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Archive for the ‘Energy’ Category

Benchmarking Air Emissions of the 100 Largest Electric Power Producers in the United States

Monday, June 19th, 2017
TABLE 1 100 Largest Electric Power Producers in the U.S. (in order of 2015 net electric generation)

This report examines and compares the stack air pollutant emissions of the 100 largest power producers in the United States based on their 2015 generation, plant ownership, and emissions data. Table 1 lists the 100 largest power producers featured in this report ranked by their total electricity generation from fossil fuel, nuclear, and renewable energy facilities. These producers include public and private entities1 (collectively referred to as “companies” or “producers” in this report) that own roughly 2,900 power plants and account for 85 percent of reported electric generation and 86 percent of the industry’s reported emissions.

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A Cyberattack on the U.S. Power Grid

Tuesday, June 13th, 2017
Council on Foreign Relations: Cyberattack

The U.S. power grid has long been considered a logical target for a major cyberattack. Besides the intrinsic importance of the power grid to a functioning U.S. society, all sixteen sectors of the U.S. economy deemed to make up the nation’s critical infrastructure rely on electricity. Disabling or otherwise interfering with the power grid in a significant way could thus seriously harm the United States.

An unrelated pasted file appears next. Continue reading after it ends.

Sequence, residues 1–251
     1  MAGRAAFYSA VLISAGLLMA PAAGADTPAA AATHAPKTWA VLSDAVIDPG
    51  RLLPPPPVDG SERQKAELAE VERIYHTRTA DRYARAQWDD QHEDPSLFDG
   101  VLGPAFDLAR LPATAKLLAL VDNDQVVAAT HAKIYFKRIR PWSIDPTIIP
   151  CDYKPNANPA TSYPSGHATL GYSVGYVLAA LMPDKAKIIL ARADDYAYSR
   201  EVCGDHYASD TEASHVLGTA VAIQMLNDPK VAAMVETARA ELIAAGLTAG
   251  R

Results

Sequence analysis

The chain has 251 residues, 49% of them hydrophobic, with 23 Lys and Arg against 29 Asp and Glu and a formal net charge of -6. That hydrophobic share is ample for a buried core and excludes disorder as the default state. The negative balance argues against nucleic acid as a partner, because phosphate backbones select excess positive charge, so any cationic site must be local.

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Unpacked: Why does the U.S. need energy innovation?

Tuesday, June 6th, 2017
Unpacked: Why does the U.S. need energy innovation?

Brookings Senior Fellow Mark Muro and Devashree Saha discuss the declining number of patents and ventures capital funds going to clean technology in the United States. They also explain why investing in energy innovation is important for the U.S. economy and fighting climate change.

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Three Revolutions in Urban Transportation

Monday, May 29th, 2017
Three Revolutions in Urban Transportation

The world is on the cusp of three revolutions in transportation: vehicle electrification, automation, and widespread shared mobility (sharing of vehicle trips). Separately or together, these revolutions will fundamentally change urban transportation around the world over the next three decades.

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Rethinking Transportation 2020-2030: The Disruption of Transportation and the Collapse of the Internal-Combustion Vehicle and Oil Industries

Wednesday, May 10th, 2017
Figure 2. Consumer Choices: cost-per-mile analysis9

We are on the cusp of one of the fastest, deepest, most consequential disruptions of transportation in history. By 2030, within 10 years of regulatory approval of autonomous vehicles (AVs), 95% of U.S. passenger miles traveled will be served by on-demand autonomous electric vehicles owned by fleets, not individuals, in a new business model we call “transport-as-a-service” (TaaS). The TaaS disruption will have enormous implications across the transportation and oil industries, decimating entire portions of their value chains, causing oil demand and prices to plummet, and destroying trillions of dollars in investor value — but also creating trillions of dollars in new business opportunities, consumer surplus and GDP growth.